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I was wondering, whats the best way to handle common HTML controls in ASP.NET? I mean, ASP.NET server controls generate too much crap inside the code so I rather use common controls.

But how about databind and how to manage those common objects correctly (such as combobox, textbox and so on)?

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3 Answers 3

There's a reason ASP.Net controls generate all that "crap". It's so you can databind and manage those objects correctly. Using standard html controls is useful when you don't need direct databinding or if you have no need to manipulate the control through server-side code.

The best way to handle common HTML controls in ASP.Net is not to handle them directly. By using them to handle data and functionality, you're basically neutering .Net. You might as well go back to classic ASP.

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I believe that onanon's concern is well founded, i myself am not content with the way the html markup looks on some asp.net pages. And the biggest problem is not that i don't like it, but it can really bloat a page's size, and it's by no means search engine friendly. Microsoft has tried to minimize these downsides with extensions such as it's search engine optimization toolkit, but that's just patching up, not solving the root of the problem. –  scripni Jul 23 '10 at 11:53
    
@scripni - I agree completely. I really like your idea of using MVC. It's not an ideal solution because a bloated application can still lead to bloated html. That doesn't change how .Net operates though. As I'm reading it he's saying "I really like how powerful my car is, I just wish it didn't make so much noise." –  Joel Etherton Jul 23 '10 at 12:02
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If you're concerned about the html markup generated by the WebForms ASP.NET engine, i suggest you take a look at ASP.NET MVC. It's purpose is specifically to give you the control you need over the generated html. If you don't want to start learning ASP.NET MVC, ASP.NET 4.0 WebForms gives you more flexibility in the generated HTML (such as enabling the ViewState for a specific control only, setting the html id's etc.).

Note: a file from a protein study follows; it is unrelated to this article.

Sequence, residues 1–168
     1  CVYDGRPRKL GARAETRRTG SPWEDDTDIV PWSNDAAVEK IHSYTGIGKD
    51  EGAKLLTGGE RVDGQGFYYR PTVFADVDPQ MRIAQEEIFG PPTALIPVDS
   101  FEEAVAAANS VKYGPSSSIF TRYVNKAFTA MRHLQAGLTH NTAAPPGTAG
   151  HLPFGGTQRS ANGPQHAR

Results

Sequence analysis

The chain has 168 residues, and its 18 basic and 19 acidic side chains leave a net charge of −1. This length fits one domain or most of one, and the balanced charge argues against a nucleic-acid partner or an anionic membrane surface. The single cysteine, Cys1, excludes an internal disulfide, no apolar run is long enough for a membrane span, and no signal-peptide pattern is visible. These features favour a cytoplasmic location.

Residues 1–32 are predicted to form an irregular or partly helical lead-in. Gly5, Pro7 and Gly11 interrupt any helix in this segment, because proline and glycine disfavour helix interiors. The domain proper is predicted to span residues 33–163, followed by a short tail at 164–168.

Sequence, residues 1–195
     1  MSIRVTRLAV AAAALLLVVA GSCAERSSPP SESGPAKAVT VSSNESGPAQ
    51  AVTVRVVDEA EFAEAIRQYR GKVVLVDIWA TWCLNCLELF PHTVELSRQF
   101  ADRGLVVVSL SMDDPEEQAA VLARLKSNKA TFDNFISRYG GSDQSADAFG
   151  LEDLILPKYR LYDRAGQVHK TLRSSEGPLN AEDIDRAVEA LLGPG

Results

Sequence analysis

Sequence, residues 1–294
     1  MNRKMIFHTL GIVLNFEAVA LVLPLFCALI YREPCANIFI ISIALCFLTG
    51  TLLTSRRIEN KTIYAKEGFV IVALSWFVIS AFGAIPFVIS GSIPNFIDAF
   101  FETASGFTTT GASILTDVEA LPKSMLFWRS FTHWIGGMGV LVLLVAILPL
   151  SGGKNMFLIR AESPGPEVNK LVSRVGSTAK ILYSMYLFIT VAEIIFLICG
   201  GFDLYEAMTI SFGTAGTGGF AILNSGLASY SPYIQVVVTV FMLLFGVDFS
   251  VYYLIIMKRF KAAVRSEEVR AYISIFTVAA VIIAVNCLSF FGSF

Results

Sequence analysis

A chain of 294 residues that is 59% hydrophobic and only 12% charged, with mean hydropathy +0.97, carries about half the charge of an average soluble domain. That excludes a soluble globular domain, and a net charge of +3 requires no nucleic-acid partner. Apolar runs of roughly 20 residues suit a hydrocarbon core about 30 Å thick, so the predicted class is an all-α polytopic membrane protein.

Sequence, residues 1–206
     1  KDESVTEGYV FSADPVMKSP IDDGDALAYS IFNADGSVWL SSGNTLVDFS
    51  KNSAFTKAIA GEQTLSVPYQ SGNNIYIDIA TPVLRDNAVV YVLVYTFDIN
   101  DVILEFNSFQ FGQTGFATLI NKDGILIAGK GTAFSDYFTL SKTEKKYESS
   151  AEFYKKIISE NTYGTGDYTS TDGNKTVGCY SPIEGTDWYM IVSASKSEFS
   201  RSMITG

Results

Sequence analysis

As for the databinding, again if you study MVC in depth and start thinking in terms of action -> result you can gain a lot more control and flexibility.

Later edit: I forgot to mention Razor, the new ViewEngine under development at microsoft. It's currently in beta and only inside WebMatrix, a very stripped down 'getting-started type' development platform for ASP.NET. MVC combined with the very clean code you can write using Razor will be in my opinion an important trend-setter in the web development world.

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Don't forget that you can always set runat="server" on any control - that includes standard html form controls such as <input> and <select>, and also other elements like <div>. Anything, really.

This means that you can regain control of the html output in your WebForms pages quite effortlessly - as long as you don't need viewstate or any other more advanced databinding/state managing that ASP.NET normally handles for you.

That said, learning to use the ASP.NET MVC Framework is not a bad idea, since it helps you regain control of much more than just the html output. Generally, creating a page in ASP.NET MVC takes a little more work, since there are no drag-n-drop controls like gridview, textbox or even repeater. Instead, you use html helper methods and regular foreach loops, which means you have to type a lot more code. However, the MVC framework is designed so that you won't have to repeat much code anyway.

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